TO SLEEP, PERCHANCE TO DREAM

A CHILD’S BOOK OF RHYMES

In a lovely conceit, well presented, Mayhew respins a gentle tale in pictures that tie together a bit of Shakespeare for the very young. The smallest snippets of verse from the plays—the longest at eight lines—range from Hamlet to Cymbeline to The Tempest. But each really does stand as its own small poem, and most, read aloud well, will be quite comprehensible even to the youngest of children. The double-paged, full-bleed illustrations tell the story of a family in an idyllic, rustic setting of some time past: the mother holding a small child near a picnic hamper, two boys and a girl gamboling, flying a kite, chasing paper boats, and accompanied by a loose-limbed dog. The river becomes the sea, a storm comes up, they glimpse a mermaid on a dolphin, and then it is evening. The sheep gather to the sound of the boy’s pipe, the stars come out, and mother tucks baby and daughter into bed. And it is all from “methinks I scent / the morning air” of Hamlet to “our little life is / rounded with a sleep” of The Tempest. The images, rich in blues and tender golds, have the misty outlines of imagination and serve the poetry well. (Poetry. 4-10)

Pub Date: Sept. 1, 2001

ISBN: 0-439-29655-2

Page Count: 32

Publisher: Chicken House/Scholastic

Review Posted Online: May 20, 2010

Kirkus Reviews Issue: July 1, 2001

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VISITING LANGSTON

A little girl is going with her daddy to visit the home of Langston Hughes. She too is a poet who writes about the loves of her life—her mommy and daddy, hip-hop, hopscotch, and double-dutch, but decidedly not kissing games. Langston is her inspiration because his poems make her “dreams run wild.” In simple, joyful verse Perdomo tells of this “Harlem girl” from “Harlem world” whose loving, supportive father tells her she is “Langston’s genius child.” The author’s own admiration for Hughes’s artistry and accomplishments is clearly felt in the voice of this glorious child. Langston’s spirit is a gentle presence throughout the description of his East 127th Street home and his method of composing his poetry sitting by the window. The presentation is stunning. Each section of the poem is part of a two-page spread. Text, in yellow, white, or black, is placed either within the illustrations or in large blocks of color along side them. The last page of text is a compilation of titles of Hughes’s poems printed in shades of gray in a myriad of fonts. Collier’s (Martin’s Big Words, 2001, etc.) brilliantly complex watercolor-and-collage illustrations provide the perfect visual complement to the work. From the glowing vitality of the little girl, to the vivid scenes of jazz-age Harlem, to the compelling portrait of Langston at work, to the reverential peak into Langston’s home, the viewer’s eye is constantly drawn to intriguing bits and pieces while never losing the sense of the whole. In this year of Langston Hughes’s centennial, this work does him great honor. (Poetry. 6-10)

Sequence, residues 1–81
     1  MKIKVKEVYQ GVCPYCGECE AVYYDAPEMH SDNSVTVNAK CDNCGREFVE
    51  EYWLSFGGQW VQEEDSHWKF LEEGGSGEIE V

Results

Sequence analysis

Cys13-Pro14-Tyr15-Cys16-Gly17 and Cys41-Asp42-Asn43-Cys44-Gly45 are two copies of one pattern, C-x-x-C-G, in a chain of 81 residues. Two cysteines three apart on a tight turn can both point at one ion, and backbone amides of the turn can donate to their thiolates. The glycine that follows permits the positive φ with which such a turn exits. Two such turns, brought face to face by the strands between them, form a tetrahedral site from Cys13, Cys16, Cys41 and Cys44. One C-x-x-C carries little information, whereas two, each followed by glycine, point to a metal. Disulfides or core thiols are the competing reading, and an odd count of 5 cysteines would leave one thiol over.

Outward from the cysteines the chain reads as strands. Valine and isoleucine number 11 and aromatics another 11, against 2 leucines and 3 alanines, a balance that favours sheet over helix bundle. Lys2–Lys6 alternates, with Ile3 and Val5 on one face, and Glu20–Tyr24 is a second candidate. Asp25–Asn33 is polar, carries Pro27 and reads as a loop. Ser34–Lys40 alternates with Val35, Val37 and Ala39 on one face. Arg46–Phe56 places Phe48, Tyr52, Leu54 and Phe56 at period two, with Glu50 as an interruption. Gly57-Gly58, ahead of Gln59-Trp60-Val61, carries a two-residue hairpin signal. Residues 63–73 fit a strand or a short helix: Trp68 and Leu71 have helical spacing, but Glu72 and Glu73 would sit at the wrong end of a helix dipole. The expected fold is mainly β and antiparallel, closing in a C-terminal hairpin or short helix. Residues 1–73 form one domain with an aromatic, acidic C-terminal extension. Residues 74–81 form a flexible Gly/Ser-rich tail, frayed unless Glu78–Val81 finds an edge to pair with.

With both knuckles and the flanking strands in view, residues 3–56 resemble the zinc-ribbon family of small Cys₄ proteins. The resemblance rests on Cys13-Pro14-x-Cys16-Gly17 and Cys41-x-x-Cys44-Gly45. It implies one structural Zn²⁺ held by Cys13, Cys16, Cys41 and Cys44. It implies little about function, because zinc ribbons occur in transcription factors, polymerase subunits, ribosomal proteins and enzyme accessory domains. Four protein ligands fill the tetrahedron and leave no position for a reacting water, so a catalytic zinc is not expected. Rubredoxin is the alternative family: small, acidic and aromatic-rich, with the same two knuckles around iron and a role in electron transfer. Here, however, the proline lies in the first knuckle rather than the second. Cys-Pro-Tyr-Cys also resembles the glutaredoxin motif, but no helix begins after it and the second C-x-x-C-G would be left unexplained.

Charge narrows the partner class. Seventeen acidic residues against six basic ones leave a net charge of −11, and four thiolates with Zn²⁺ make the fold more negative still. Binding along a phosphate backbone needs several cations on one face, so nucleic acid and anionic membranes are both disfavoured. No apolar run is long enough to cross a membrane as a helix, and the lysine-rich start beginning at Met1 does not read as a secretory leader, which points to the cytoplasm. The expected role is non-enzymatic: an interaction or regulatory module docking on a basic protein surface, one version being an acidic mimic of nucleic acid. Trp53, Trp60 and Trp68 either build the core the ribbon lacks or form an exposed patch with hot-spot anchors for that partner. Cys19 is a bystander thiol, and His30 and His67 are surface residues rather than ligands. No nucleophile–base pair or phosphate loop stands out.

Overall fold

Pub Date: Feb. 1, 2001

ISBN: 0-8050-6744-2

Page Count: 32

Publisher: Henry Holt

Review Posted Online: May 20, 2010

Kirkus Reviews Issue: Feb. 1, 2002

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A lyrical coming-of-age story in picture-book form that begs to be shared.

IMAGINE

Former Poet Laureate Herrera encourages his young readers to imagine all they might be in his new picture book.

Herrera’s free verse tells his own story, starting as a young boy who loves the plants and animals he finds outdoors in the California fields and is then thrust into the barren, concrete city. In the city he begins to learn to read and write, learning English and discovering a love for words and the way ink flows “like tiny rivers” across the page as he applies pen to paper. Words soon become sentences, poems, lyrics, and a means of escape. This love of the word ultimately leads him to make writing his vocation and to become the first Chicano Poet Laureate of the United States, an honor Herrera received in 2015. Through this story of hardship to success, expressed in a series of conditional statements that all begin “If I,” Herrera implores his readers to “imagine what you could do.” Castillo’s ink and foam monoprint illustrations are a tender accompaniment to Herrera’s verse, the black lines of her illustrations flowing across the page in rhythm with the author’s poetry. Together this makes for a charming read-aloud for groups or a child snuggled in a lap.

A lyrical coming-of-age story in picture-book form that begs to be shared. (Picture book/memoir. 4-8)

Pub Date: Oct. 2, 2018

ISBN: 978-0-7636-9052-6

Page Count: 32

Publisher: Candlewick

Review Posted Online: Aug. 27, 2018

Kirkus Reviews Issue: Sept. 15, 2018

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